Can anyone relate to the feeling of having a semblance of structure in your life but if we’re being real it is a fucking shitshow? You want to improve but deciding where to start is so overwhelming that you just freeze, get back in bed and turn on the TV and tell yourself tomorrow you’ll figure it out.

Every single resource you read about setting goals and effectively executing them will say not to overwhelm yourself with a million new changes at once. This is something that I 100% agree with, but it doesn’t change the fact that I am someone with constant anxiety who overthinks every goddamn thing that comes my way and I was lost as to where to start.

One day, it hit me. This is the beginning of the journey I am on that showed me that snowboarding is my therapy, my rehabilitation while I learn how to want to be alive again.

Here is how it started. I hate exercising and don’t at all devote energy to it unless I decide to take my pup on a walk. When I was younger, I was involved in sports but as I got older it just didn’t matter to me. I was naturally thin and a stoner with a good metabolism so I have the best of both words. Snowboarding is the one thing I actually will push my body to get up & grind for. I always had the goal of going snowboarding more every year, but I was either living in New Orleans during undergrad, or living on Cape Cod where the closest mountains are 2.5-3 hours away.

Now, I live in Portland, Oregon. Mount Hood is an hour to an hour and a half away, open YEAR ROUND, has lift ticket deals regularly, and suddenly I really had no excuse to NOT try to actually do what I have been saying I would for years, and hit the slopes more. I was happy at this realization but then it hit me that while it took days to come up with, and sort of randomly came to me one day, the concept itself seemed easy enough to be able to relay to others.

I am not trying to become a pro snowboarder//
*Rather, snowboarding is what clears my mind & is a healthy hobby that I can focus on for FUN, happiness, and a foundation for my goals.

So, I started with the fact that I have a shitload of things in my life I would like to improve. From health & wellness, to diet, finances, being more organized, exploring Oregon more, creativity, relationships, self-care the list goes on… it was a lot. When I decided that SNOWBOARDING would be the sort of “umbrella term” on my goal planning strategy, all of the other aspects fell into place.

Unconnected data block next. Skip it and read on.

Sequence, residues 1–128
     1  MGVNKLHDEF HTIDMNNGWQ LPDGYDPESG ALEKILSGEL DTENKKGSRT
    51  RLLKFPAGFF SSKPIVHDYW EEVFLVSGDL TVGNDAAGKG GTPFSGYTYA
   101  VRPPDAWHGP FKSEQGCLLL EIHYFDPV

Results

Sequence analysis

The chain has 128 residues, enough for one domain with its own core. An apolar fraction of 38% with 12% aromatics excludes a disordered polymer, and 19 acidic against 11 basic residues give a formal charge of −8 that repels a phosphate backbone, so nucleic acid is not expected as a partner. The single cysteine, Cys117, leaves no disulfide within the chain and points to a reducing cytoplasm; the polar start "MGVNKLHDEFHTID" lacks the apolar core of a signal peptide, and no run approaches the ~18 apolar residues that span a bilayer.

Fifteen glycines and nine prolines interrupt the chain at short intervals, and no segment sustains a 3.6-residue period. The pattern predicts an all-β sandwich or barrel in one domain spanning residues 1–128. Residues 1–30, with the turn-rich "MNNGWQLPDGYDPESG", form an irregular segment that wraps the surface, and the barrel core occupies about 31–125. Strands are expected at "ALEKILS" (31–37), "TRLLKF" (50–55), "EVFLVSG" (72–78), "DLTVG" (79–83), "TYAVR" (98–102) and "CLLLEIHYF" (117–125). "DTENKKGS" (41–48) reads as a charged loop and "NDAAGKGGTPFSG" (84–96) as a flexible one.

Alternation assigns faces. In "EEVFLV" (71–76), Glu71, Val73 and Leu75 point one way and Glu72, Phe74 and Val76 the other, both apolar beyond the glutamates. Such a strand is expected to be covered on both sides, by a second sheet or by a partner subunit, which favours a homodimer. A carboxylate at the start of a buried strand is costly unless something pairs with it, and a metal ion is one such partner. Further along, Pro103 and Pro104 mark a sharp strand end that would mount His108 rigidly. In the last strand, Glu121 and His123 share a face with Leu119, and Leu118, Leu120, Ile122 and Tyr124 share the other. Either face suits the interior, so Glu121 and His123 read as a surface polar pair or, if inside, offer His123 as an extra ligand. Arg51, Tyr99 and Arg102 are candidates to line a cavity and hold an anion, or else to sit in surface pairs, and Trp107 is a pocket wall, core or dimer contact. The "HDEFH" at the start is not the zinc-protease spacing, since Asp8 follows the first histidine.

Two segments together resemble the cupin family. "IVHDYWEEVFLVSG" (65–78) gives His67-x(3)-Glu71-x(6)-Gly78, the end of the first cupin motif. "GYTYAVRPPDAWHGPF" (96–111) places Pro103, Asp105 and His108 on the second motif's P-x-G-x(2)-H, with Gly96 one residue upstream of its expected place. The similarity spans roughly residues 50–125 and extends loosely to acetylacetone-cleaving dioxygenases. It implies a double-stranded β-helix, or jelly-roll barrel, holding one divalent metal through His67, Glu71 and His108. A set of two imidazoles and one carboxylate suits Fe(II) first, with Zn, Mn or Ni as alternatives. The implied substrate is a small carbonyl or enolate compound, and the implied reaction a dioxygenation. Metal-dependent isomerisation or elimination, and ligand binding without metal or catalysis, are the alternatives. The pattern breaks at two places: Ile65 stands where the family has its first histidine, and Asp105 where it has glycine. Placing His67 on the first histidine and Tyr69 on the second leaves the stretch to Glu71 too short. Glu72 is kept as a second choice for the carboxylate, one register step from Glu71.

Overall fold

If you choose an umbrella term type goal like I did, one that takes a little more effort than just doing 4 minutes of jogging a day (which is still an accomplishment, don’t get me wrong, just not enough to set up a blueprint for a life changed by reaching your goals.

If I accomplish my goal of going to the mountain more & improving my skills on a snowboard, I would have to do a few things to do it well and efficiently, and these things happen to fall under the categories that I wanted to improve in overall.

For instance:
1) Health/Wellness/Fitness: If I was going to be able to snowboard more frequently & improve my skills then I would need to be both healthy & improve my physical strength & stamina.
2) Diet & Nutrition: How can I be healthy, fit, and well without a healthy and nutritious diet?
3) Finances: I can’t waste money on delivery & late night Amazon prime shopping if I am budgeting for this new healthy goal plan.
4) Organization: Checking & keeping track of days with reduced lift ticket prices and ensure I clear my schedule that day. If it is a set day of the week, I must be sure to request work off and get my gear ready.
5) Exploring Oregon: There are three different resort sites within 2 hours of my house – that’s exploring in my book!
6) Relationships: I can see if any friends want to join me, or make some friends at the lodge because if all goes as planned, I will be there often!
7) Self-Care: I have been looking for a healthy and exciting way to practice self-care and since the ONLY FREAKING SINGULAR TIME I can shut the overthinking off and be in the moment is on the mountain, this is a perfect fit!!!
8) Creativity: I started this blog because of how much inspiration I felt when snowboarding became the impetus to me jumpstarting my life. I have already begun to integrate riskier little tricks and things on the mountain, which I hope to continue. Lastly, my love of photography has become a part of my life again since the views are insane up there.

By finding one activity that brings me joy, something I already had the gear and experience for, and something that is completely possible with just slight tweaks and positive changes to accomplish, I was able to hit all of my categories of goals without feeling stressed out.

I know that snowboarding won’t be everyone’s thing, but I encourage y’all to give it a thought for a second. I have to say the moment this thought became clearer to me I truly felt a weight lift off my shoulders and I finally felt like I had a direction to head in.

Stay Weird Guys 🙂